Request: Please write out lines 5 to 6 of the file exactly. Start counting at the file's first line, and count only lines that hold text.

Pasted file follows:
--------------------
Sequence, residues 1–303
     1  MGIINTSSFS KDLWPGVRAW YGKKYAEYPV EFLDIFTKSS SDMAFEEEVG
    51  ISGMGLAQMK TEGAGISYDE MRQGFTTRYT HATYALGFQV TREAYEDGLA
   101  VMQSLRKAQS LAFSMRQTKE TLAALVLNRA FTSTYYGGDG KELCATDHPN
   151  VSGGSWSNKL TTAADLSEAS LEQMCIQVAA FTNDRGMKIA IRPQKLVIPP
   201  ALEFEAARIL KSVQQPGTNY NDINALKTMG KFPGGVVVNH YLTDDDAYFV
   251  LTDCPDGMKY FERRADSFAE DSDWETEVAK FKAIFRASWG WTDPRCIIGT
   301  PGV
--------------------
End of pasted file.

   151  VSGGSWSNKL TTAADLSEAS LEQMCIQVAA FTNDRGMKIA IRPQKLVIPP
   201  ALEFEAARIL KSVQQPGTNY NDINALKTMG KFPGGVVVNH YLTDDDAYFV